Cyber Stewards Network (CSN) partner Collaboration on International ICT Policy in East and Southern Africa (CIPESA) released a report outlining the policies and practices surrounding Internet freedom in East Africa. Titled “The State of Internet Freedoms in East Africa,” the release of the report has drawn key individuals from the continent’s ICT industry to Kampala, Uganda for a forum.
Posts tagged “Rwanda”
Today, the Collaboration on International ICT Policy in East and Southern Africa (CIPESA) launches The State of Internet Freedoms in East Africa research report which is an Investigation into the policies and practices defining internet freedom in East Africa.
“For the past decade, those who used the Internet to report the news might have assumed that the technological edge was in their favor. But online journalists now face more than just the standard risks to those working in dangerous conditions. They find themselves victims of new attacks unique to the new medium.
Ronald Deibert and Nart Villeneuve of the University of Toronto’s Citizen Lab, in partnership with computer security consultants at the SecDev Group, have conducted some of the most detailed postmortems of online attacks on the press, including the malware sent to Chinese foreign correspondents, and a forthcoming examination of Burma’s DDOS incidents. Their academic work firmly states that they cannot connect such events directly to the Chinese or Burmese states. Deibert says the evidence they have collected does show, however, that both attacks utilized techniques and strategies common to petty cyber-criminals, including individual “hackers” who work simply for the thrill of bringing down a highly visible, but vulnerable target.”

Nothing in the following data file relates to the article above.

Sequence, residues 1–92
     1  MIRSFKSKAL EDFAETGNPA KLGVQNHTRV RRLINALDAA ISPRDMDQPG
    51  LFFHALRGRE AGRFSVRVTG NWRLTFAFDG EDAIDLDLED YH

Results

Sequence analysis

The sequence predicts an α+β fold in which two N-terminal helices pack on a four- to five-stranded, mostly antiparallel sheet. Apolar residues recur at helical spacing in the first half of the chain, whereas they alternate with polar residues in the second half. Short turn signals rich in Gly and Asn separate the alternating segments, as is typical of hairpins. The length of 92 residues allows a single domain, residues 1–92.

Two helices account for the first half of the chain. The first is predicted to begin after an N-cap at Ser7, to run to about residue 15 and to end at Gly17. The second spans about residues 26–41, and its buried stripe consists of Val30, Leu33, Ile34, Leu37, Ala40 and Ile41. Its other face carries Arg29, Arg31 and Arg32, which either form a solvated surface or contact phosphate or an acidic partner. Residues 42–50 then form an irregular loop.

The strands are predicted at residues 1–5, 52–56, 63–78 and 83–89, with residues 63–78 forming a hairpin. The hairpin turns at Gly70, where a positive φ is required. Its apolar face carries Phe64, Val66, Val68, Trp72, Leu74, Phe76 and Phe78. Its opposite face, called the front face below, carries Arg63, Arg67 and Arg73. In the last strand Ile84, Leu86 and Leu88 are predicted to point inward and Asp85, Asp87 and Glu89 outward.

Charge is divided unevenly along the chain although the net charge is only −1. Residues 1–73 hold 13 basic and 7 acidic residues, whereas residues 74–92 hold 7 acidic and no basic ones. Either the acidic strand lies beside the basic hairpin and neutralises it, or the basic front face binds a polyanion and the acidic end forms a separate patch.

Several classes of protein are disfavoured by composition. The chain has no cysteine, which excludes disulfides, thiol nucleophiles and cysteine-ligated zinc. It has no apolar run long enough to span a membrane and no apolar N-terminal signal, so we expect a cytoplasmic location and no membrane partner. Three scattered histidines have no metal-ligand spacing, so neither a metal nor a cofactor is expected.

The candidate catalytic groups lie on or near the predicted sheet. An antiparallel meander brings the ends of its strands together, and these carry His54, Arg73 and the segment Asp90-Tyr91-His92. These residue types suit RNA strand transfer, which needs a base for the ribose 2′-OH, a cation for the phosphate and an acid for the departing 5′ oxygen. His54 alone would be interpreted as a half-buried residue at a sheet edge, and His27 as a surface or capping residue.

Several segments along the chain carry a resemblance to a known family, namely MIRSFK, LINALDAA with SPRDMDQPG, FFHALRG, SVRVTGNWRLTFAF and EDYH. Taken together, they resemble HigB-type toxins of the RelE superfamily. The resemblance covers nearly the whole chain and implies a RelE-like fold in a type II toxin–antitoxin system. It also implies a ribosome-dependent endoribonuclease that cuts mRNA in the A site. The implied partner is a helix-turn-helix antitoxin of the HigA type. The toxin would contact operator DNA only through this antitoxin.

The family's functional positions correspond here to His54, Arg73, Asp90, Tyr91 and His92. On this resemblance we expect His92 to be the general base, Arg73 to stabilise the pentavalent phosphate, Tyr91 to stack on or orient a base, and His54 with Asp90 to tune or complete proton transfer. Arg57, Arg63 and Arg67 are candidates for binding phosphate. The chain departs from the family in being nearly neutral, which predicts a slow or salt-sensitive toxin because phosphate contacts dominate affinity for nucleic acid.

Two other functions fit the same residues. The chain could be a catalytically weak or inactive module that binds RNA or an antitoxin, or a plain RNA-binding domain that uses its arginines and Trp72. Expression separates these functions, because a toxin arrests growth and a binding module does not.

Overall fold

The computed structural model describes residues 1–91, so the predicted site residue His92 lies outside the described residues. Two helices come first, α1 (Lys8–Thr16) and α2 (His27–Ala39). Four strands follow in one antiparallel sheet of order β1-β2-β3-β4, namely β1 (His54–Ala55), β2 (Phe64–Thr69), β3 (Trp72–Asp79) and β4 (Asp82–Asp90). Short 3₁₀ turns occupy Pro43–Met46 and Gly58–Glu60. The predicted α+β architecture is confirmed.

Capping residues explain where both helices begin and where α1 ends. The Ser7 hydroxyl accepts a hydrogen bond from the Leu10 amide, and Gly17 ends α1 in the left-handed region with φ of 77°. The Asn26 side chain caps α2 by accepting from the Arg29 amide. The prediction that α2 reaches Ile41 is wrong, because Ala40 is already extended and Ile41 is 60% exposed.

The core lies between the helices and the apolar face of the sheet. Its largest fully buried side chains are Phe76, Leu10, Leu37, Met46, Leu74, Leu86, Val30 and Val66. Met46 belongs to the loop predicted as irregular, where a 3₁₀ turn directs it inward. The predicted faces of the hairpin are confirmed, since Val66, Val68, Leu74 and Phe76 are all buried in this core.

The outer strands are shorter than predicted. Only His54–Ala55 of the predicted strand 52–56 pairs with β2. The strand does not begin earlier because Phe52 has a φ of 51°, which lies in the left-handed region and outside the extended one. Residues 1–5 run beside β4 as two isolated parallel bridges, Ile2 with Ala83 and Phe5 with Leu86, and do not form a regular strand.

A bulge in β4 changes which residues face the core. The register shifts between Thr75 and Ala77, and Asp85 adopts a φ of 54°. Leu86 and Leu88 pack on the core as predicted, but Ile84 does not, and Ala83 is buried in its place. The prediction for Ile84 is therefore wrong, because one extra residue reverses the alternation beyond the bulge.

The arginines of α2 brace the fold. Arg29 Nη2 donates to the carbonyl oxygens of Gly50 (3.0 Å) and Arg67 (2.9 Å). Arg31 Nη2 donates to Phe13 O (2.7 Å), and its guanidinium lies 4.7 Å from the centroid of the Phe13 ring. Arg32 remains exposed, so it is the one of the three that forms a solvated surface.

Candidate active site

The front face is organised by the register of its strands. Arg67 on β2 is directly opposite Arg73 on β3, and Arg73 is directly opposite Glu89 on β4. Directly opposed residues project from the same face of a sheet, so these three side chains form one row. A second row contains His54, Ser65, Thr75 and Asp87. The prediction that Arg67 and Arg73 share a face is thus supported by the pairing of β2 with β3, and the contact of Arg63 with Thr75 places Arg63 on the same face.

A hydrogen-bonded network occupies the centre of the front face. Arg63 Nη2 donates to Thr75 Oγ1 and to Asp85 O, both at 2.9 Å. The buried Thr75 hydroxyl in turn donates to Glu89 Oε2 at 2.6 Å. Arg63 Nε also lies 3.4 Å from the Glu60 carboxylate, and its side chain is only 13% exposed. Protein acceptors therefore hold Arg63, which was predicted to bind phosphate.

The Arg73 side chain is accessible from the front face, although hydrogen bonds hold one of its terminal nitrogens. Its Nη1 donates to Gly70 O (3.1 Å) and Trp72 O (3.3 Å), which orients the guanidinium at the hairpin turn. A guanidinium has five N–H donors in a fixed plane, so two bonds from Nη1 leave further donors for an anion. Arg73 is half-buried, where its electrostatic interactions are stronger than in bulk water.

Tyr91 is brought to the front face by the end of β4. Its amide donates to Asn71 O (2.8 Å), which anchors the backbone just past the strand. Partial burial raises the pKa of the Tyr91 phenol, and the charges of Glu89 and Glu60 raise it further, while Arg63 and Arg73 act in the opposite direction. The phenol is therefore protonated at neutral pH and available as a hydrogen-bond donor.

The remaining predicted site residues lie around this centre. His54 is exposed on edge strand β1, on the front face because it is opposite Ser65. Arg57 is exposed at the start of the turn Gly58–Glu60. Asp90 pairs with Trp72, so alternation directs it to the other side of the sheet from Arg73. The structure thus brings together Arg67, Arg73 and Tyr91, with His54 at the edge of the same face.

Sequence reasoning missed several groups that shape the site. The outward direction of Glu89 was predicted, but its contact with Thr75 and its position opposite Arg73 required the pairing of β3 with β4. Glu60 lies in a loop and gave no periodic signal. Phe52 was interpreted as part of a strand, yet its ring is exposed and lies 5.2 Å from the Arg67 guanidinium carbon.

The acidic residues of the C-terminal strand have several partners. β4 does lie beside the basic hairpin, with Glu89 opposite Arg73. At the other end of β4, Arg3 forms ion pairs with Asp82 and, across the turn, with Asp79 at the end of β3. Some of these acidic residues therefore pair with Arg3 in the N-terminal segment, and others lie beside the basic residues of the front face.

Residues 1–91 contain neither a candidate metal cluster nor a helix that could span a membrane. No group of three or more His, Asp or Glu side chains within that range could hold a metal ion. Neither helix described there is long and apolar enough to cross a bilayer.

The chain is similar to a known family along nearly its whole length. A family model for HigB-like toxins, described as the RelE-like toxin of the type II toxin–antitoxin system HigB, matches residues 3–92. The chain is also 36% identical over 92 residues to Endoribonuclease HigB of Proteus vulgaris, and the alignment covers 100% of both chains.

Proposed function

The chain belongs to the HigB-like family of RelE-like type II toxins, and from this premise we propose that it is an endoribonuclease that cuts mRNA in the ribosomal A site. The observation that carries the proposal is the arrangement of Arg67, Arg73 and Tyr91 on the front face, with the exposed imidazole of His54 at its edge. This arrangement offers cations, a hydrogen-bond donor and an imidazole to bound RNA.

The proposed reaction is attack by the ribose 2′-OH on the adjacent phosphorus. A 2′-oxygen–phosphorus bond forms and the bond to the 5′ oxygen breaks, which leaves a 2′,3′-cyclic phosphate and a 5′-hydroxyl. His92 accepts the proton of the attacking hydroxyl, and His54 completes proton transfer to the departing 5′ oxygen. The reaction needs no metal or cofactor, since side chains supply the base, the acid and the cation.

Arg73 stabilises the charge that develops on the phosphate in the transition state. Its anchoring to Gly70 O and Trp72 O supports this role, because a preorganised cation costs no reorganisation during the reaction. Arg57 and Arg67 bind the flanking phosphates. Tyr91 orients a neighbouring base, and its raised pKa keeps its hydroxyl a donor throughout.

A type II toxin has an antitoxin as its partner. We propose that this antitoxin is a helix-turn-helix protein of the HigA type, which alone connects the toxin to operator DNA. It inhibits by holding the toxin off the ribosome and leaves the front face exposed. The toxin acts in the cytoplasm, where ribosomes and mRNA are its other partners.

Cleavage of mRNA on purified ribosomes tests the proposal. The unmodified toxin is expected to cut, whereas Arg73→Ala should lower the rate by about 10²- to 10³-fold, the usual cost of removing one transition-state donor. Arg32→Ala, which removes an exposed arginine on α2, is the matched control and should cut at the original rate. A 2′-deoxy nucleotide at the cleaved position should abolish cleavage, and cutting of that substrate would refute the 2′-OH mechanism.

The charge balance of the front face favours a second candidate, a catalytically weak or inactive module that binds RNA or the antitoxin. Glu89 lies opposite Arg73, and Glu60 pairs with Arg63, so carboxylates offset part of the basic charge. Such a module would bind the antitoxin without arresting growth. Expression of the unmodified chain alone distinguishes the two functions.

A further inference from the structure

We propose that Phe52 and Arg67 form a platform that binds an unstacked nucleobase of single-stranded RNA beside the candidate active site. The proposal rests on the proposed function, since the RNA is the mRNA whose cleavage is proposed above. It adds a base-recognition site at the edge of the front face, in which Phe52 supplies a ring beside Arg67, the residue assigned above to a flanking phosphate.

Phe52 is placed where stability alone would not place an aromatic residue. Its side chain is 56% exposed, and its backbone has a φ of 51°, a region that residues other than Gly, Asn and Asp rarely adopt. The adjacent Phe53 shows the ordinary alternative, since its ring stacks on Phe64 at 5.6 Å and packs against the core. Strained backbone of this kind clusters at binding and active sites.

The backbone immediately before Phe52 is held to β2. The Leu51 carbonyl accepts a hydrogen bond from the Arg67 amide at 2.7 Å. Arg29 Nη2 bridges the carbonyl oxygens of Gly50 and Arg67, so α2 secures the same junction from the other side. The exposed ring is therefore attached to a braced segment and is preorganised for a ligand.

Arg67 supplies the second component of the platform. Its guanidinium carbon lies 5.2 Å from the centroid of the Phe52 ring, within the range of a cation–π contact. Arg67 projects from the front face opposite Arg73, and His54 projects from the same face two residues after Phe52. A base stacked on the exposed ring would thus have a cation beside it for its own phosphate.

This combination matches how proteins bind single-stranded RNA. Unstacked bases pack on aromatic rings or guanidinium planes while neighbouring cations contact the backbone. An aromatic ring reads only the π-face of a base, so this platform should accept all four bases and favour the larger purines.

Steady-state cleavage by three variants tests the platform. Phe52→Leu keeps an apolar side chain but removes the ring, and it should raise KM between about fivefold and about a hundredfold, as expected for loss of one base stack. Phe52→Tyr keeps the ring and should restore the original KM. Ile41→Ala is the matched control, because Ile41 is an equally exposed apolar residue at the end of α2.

“(ARTICLE 19/IFEX) – Geneva, 26 January 2011 – Rwanda became the 146 UN member state to be appraised under the Universal Periodic Review (UPR) mechanism, at the 10th Session of the Human Rights Council (HRC). The review brought to the fore details of violations of the right to freedom of expression and attempts by the state delegation to justify its clampdown on independent media, political opponents and human rights defenders.
ARTICLE 19’s submission to the HRC in July 2010 highlighted three areas of concern which were reflected in the review. These include (1) limits on freedom of expression through restrictive media law and criminal defamation; (2) harassment and attacks on journalists; (3) genocide ideology legislation.”